Director of Prevention Research Center to present at national brain forum

UNIVERSITY PARK, Pa. — Diana Fishbein and Emma Rose, both of the Edna Bennett Pierce Prevention Research Center at Penn State, will present an overview of their research on substance abuse at the sixth annual Aspen Brain Forum, to be held May 18-20 at the New York Academy of Sciences in New York City.

The topic of this year’s forum is “The Addicted Brain and New Treatment Frontiers.”

Fishbein and Rose will present their research on adolescents at risk for behavioral problems and findings suggesting there are neurobiological differences that, in interaction with environmental conditions, explain pathways to eventual substance abuse. The implications of these findings for the development and refinement of preventive and treatment interventions will be discussed. 

“This presentation is an opportunity to showcase ways in which neuroscience can inform prevention research and practices,” Fishbein said.

Fishbein is director of the Edna Bennett Pierce Prevention Research Center, C. Eugene Bennett Chair in Prevention Research, and professor of human development and family studies. Rose is a research associate and research assistant professor, also at the Edna Bennett Pierce Prevention Research Center.

Their research suggests that substance abuse and related behavioral problems, such as aggression, risky sexual behavior and impulsivity, are often linked to deficits or delays in the brain’s ability to regulate mental and emotional functions.

“There are many reasons why these functions may not be entirely on board, including negative influences in the social environment,” Fishbein said. “In fact, the development of the brain and the way it functions is very sensitive to the experiences of the individual, for better or for worse.”

If environmental conditions are harmful, in such cases as child abuse or poverty, the brain may not be able to exert cognitive control over emotional responses, leading to risky behaviors.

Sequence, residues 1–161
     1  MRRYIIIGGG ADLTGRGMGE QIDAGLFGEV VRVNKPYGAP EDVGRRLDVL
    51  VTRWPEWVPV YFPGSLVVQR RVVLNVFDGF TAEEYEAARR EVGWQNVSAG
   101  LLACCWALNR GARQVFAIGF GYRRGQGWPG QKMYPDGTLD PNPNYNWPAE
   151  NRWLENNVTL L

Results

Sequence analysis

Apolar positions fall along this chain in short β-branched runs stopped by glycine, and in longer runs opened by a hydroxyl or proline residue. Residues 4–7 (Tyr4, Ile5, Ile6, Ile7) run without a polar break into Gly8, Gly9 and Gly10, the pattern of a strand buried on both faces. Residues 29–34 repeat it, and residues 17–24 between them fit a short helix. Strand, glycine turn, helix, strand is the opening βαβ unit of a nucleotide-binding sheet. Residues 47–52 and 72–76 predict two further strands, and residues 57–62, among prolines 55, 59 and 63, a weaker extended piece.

Conversely, if caregivers and social systems provide a nurturing environment to children and adolescents, they will be better positioned to meet key developmental milestones, thereby increasing chances for productive lives, Fishbein said.

“The take home message is that we can build and strengthen these skills — and potentially improve the way the brain functions — with psychosocial programs that are appropriately targeted,” Fishbein said.

Fishbein’s and Rose’s research aims to address a key question: What works best for whom, why, and under what circumstances? Tailored, targeted interventions are likely most effective when psychosocial programs are “mapped” to an individual’s unique combination of social, psychological and biological attributes, according to Fishbein.

In effect, more adaptive and normative outcomes for children and adolescents are reinforced.

“When this occurs, we expect to also see measurable change in brain function, having the potential for positive behavioral change, such as avoidance of substance abuse, to be longstanding,” Fishbein said.

Their research plan going forward is to further identify the mechanisms that explain good versus poor outcomes for those who receive any given intervention. 

“This work will inform program developers and intervention scientists with the information needed to tailor preventive and treatment approaches to specific needs of different subgroups, thereby spreading the net wider and benefitting more recipients,” Fishbein said. “And equally important is to disseminate this information to public and private sectors to garner support for the notion that pathways to addiction can be altered.”

The annual Aspen Brain Forum brings together a multidisciplinary group of researchers, clinicians, government and industry representatives, and nonprofit leaders to explore the latest scientific advances in the field of addiction, with the end goal of improving treatment.

It is presented by the Aspen Brain Forum Foundation, the journal Science Translational Medicine, and the New York Academy of Sciences, and includes sessions and presentations focused on the neural circuitry of addiction, neuroplasticity, the susceptibility of the developing adolescent brain, and new horizons for treatment strategies.

For more information on the conference visit www.nyas.org/Addiction2016.

Contacts: 
Last Updated May 12, 2016